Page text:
WARNING!!! Maximum Load 800 lbs

Posted in: Technical Track

Is it just my recently discovered dumbness or am I really on to something here? I just returned home from a ritzy shopping mall and had to ride down an elevator with a brimming shopping trolly filled with items which my companion miraculously managed to buy from every sale from every corner of that mall. Anyway before I recall that shopping bill and weep copiously, I just wanted to share something which always bugs me when I use elevators.

Inside the elevators, there are only two things to do. Either stare at the faces of other riders and enjoy the embarrassment of shifting eyes from face to face or the other option is to look onto the walls. Like others, I always select the latter option. One thing which every elevator says to me is something like ‘Maximum Load 800 lbs’ or any other number.

Now that not only baffles me but also creates a passive panic. I quickly calculate my weight, then frantically and stealthily glance at other bodies inside and then guess the total weight in there. More often than not, it turns out that the weight of bodies plus their heavyset trollies exceed or teeter on the edge of the warning lbs.

On this very moment, the other elevator hobbits notice my ashen face, violently trembling body, sunken eyes and follow them to the warning. Some get the point and follow the ritual of getting panicked, some try to recall emergency ambulance number after watching us, and some just don’t give the flying heck.

My question here is why on Earth they write it inside the elevator when its too late to do anything about it. Do they really write it seriously or they have just assumed that never that weight would be reached? I personally know a group of people including me who for sure can easily break that weight record. They all live nearby and use the same shopping center and elevator of course. There is every chance that one day they all will come on same time and use that elevator. What happens then? Or I am just paranoid beyond cure? May be if elevator guys would write it outside it, and place a weighing machine on entry of elevator. The machine would calculate the weight as people would move in, and will close its door as soon as it reaches near it.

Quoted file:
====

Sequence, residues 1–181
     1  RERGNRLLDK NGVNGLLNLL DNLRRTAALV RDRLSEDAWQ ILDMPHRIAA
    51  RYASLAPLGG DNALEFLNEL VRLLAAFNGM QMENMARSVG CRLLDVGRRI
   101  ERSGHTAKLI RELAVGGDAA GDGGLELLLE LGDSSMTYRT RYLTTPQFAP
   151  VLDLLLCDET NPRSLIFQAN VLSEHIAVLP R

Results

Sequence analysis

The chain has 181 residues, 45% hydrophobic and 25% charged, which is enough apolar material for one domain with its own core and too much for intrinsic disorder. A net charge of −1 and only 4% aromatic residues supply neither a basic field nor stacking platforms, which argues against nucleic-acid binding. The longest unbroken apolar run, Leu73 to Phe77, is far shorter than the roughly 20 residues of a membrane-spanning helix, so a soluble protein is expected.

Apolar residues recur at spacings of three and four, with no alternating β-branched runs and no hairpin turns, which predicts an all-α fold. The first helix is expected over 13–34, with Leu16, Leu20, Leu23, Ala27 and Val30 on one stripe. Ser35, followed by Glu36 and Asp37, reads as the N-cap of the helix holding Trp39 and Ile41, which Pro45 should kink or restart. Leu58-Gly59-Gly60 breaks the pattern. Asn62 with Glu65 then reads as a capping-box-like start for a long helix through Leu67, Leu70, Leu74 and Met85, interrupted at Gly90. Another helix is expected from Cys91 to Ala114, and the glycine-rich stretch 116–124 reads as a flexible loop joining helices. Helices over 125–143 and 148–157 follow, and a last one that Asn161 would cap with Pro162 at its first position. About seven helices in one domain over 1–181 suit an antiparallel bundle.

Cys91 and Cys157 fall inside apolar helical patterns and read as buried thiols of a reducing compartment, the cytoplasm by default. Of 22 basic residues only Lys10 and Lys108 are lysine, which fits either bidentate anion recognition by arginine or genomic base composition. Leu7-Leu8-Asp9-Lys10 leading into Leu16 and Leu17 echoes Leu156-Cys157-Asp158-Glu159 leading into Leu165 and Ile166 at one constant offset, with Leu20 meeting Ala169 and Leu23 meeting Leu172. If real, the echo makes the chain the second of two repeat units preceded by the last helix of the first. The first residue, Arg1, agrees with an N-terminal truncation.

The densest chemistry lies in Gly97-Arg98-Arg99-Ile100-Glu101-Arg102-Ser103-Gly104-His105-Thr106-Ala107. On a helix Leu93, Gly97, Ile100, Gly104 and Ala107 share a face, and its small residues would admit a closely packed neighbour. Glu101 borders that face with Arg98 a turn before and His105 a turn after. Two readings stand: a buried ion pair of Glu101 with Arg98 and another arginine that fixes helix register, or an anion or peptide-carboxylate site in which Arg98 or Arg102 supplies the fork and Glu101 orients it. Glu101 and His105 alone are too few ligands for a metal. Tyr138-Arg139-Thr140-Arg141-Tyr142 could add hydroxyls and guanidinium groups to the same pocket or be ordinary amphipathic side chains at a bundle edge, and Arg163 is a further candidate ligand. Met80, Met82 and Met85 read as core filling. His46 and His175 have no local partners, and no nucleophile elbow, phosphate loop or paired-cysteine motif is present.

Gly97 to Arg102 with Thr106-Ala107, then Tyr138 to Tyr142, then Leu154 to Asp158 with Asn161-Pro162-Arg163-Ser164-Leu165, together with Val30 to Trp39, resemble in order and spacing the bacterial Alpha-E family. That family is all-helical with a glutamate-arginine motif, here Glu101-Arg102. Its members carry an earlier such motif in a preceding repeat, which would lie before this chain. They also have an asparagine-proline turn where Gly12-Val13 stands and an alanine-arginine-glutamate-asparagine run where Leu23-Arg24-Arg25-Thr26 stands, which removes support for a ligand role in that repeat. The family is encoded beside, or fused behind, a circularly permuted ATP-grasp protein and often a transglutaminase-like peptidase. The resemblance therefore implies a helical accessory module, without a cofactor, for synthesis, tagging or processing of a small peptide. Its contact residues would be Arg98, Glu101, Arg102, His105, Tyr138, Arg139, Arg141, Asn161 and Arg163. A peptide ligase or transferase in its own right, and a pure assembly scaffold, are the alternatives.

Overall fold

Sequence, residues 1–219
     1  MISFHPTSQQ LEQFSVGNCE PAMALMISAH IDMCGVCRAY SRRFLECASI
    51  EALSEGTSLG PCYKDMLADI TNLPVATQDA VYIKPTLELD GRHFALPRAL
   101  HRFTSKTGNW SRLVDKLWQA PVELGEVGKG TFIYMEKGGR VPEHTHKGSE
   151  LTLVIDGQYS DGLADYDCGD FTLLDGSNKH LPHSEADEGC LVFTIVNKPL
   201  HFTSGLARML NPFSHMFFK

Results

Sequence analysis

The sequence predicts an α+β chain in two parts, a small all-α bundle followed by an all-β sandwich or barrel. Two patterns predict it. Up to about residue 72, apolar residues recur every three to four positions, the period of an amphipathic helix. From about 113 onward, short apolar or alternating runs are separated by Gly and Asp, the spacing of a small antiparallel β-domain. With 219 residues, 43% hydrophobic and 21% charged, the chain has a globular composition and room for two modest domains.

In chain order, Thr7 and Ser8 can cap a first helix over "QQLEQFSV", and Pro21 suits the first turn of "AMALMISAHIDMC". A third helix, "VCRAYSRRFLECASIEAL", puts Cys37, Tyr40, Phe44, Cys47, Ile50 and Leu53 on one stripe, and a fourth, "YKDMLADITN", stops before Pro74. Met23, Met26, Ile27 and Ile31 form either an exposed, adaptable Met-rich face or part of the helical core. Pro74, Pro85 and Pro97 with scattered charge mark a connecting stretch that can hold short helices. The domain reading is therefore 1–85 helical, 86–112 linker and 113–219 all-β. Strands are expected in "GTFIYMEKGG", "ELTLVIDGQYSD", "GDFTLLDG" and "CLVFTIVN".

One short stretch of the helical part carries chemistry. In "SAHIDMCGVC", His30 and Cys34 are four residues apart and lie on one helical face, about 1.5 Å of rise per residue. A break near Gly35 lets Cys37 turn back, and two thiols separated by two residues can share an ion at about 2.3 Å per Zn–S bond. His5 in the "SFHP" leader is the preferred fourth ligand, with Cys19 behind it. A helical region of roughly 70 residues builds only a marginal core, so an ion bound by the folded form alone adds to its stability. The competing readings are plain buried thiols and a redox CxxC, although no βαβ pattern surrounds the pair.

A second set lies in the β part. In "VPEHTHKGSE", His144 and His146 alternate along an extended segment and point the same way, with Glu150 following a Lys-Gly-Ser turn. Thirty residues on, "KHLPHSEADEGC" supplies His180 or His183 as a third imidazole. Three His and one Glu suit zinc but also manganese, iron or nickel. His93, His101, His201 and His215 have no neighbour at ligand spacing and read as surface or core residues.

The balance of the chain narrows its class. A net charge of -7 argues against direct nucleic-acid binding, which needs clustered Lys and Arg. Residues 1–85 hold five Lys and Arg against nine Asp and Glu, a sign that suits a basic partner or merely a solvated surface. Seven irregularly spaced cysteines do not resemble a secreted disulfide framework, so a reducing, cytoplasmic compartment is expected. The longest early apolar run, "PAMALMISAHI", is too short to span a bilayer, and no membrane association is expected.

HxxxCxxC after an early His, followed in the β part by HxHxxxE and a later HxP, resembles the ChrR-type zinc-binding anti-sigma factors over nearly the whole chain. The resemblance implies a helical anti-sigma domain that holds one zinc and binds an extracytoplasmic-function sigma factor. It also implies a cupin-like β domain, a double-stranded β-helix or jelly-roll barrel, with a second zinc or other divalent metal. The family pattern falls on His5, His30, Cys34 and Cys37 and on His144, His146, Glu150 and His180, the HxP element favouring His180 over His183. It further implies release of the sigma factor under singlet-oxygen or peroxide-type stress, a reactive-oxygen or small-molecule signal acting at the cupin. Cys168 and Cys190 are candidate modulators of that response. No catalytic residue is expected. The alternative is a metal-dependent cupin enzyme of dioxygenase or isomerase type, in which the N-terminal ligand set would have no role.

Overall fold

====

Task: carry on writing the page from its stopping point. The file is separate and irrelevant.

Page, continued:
Interestingly enough, I have seen databases being used as elevators by the applications and data loaders. Applications and data loading without any consideration of design, scalability or performance or capacity management just throng the database. Unlike elevators, I have seen databases break down or coming to grinding halt due to runaway or in other words over-weight applications.

That panics me in the same way as elevators do.



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About the Author

I have been in love with Oracle blogging since 2007. This blogging, coupled with extensive participation in Oracle forums, plus Oracle related speaking engagements, various Oracle certifications, teaching, and working in the trenches with Oracle technologies has enabled me to receive the Oracle ACE award. I was the first ever Pakistani to get that award. From Oracle Open World SF to Foresight 20:20 Perth. I have been expressing my love for Exadata. For the last few years, I am loving the data at Pythian, and proudly writing their log buffer carnivals.

2 Comments. Leave new

Don’t worry Fahd, as I have an Engineering background (in my distant past) I know there’s a factor of safety in all of those ratings. Possibly of up to 50%! So the elevator probably could take up to 1200 lbs ;-)

And I don’t know about your part of the world but here in Western Canada, most elevators now have display screens (like TVs) in them displaying news headlines, stock quotes, things like that. So that gives you “option #3” of what to do. At least corporate office building elevators do. In a shopping mall it’s less likely I guess :)


If the database is build with the same fault tolerance as an elevator you’d be fine. the problem is really that the data base is build for an optimum and a max, but everyone is looking at that max number and wondering why they don’t get optimum life and performance out of it. I see it all the time, I don’t panic anymore, I try to quietly shore up the database where I can. I make sure I put out the amber warning lights too, but when most IT departments are critically under staffed no one notices the lights till the fall down the shaft.

the best we can do is over build every chance we get, telling everyone that the optimum performance numbers are the max… that way when they reach max, we can still run strong but show the degradation and have a set the precedent that we need more resources to push passed the max.


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